Recent Onslaught of HIPAA Audits Include Business Associates and Leave Organizations Scrambling To Comply
When the Department of Health and Human Services (HHS) started cranking out that second round of HIPAA audit emails back in April, many health organizations realized for the first time that being targeted for an HHS audit is not as unlikely as previously thought—and they are no longer limited to large scale corporations either. This time around, while HHS continues to tighten its grip on the ever-expanding healthcare industry, everyone from solo practices to SMB operations are fair game.
Audits Aren’t Just Targeting Large-Scale Operations—Business Associates Are Included in the Latest Round
If you are a Covered Entity (CE) or a Business Associate (BA), now is a good time to get your documentation in order for this latest round of HIPAA audits. According to HHS, this latest round of audits consists of two phases:
First Round: Covered entities of all sizes will be targeted.
Second Round: Business Associates will be included.
Third Round: Onsite visits begin at this phase. According to HHS HIPAA audit plans, certain desk audits will be followed up with an onsite audit.
This latest round of HIPAA audits will involve familiar audit techniques: all initial documentation will be requested via email, and entities selected will be required to upload all documentation via a secure online portal. Auditors will review submitted information and compile their findings for collaboration with the audited entity. At this point, an audited entity can officially respond to any findings. Be sure to remember that all organization responses become part of the official report—so seek the advice of a reputable IT HIPAA security expert if you have questions or need guidance in your responses.
All auditees should be prepared for a site visit during the final phase.
This Isn’t a Dry Run—If You’re Audited, Your Preparations For a Real-Life Incident Will Be Evaluated
If you receive an email requesting your organization’s information, respond to it as quickly as possible. To prepare for the upcoming audit, you’ll want to be sure you have the following protocols in place:
1. Train Personnel in Proper Handling of ePHI
At this point, the way your organization handles electronic patient health information (ePHI) is under examination. Your first order of business should be to ensure the competence of any and all employees that might come into contact with ePHI at any level and on all platforms.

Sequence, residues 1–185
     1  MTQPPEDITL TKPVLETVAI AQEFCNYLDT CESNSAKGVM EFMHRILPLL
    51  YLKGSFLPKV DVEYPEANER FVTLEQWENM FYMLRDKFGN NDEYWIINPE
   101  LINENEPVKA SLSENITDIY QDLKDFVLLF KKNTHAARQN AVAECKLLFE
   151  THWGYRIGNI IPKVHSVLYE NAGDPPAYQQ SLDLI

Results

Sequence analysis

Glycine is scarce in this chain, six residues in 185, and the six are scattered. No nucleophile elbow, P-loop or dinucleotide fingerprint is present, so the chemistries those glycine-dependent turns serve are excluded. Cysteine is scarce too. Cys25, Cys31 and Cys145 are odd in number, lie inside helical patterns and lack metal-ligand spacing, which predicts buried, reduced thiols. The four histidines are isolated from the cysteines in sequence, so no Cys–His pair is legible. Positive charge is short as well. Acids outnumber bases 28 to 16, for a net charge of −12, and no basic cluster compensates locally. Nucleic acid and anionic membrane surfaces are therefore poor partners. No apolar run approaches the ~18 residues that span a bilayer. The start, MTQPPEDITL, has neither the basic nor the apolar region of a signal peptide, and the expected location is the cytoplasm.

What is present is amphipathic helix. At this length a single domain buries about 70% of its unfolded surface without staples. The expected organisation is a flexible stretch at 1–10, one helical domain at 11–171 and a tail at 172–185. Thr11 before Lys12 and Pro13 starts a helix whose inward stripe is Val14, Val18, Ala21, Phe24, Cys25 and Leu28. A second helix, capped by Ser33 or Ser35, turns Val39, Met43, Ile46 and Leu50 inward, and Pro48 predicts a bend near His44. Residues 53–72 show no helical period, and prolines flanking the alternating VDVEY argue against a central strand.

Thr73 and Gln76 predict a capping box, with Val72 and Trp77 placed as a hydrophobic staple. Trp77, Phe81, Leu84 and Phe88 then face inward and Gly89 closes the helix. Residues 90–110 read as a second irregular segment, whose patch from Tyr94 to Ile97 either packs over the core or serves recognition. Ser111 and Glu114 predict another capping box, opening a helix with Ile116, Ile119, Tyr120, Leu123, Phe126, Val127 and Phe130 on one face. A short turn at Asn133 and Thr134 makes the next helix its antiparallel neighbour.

Since workforces often change, periodic training and evaluation planning is a required part of HIPAA compliance protocol. All personnel should be fluent in the organization’s policies and procedures and how each directive applies to the everyday exchange and use of sensitive patient information. Remember to carefully document all training as part of your organization’s compliance portfolio.
2. Make Sure All Business Associate Agreements Are Completed and On File
If your organization collaborates with business associates, you’ll want to be sure to have a well-structured Business Associate Agreement on file. An organization that distributes ePHI without a satisfactory, mutually agreed-upon Business Associate Agreement in place can expect heavy fines and strict sanctions.
3. Conduct a Periodic Security Analysis—and Document It Extensively
Be sure to have your periodic security analysis completed and documented in accordance with HIPAA security regulations.
4. Have a Plan In Place To Keep Track of Organizational ePHI Security Efforts
Review your organization’s current security policies against compliance and audit protocols to determine whether additional measures need to be taken. Remember, a periodic review of all training, compliance, and applicable procedures and policies is the best approach to a comprehensive compliance strategy. Again—document all organizational efforts to protect the security and privacy of ePHI.
Seek Professional Guidance
If you are concerned that your organization has been audited and you need assistance with your response, Centerpoint IT can help. Contact us at (404) 781-0200 or send us an email at firstname.lastname@example.org for more information.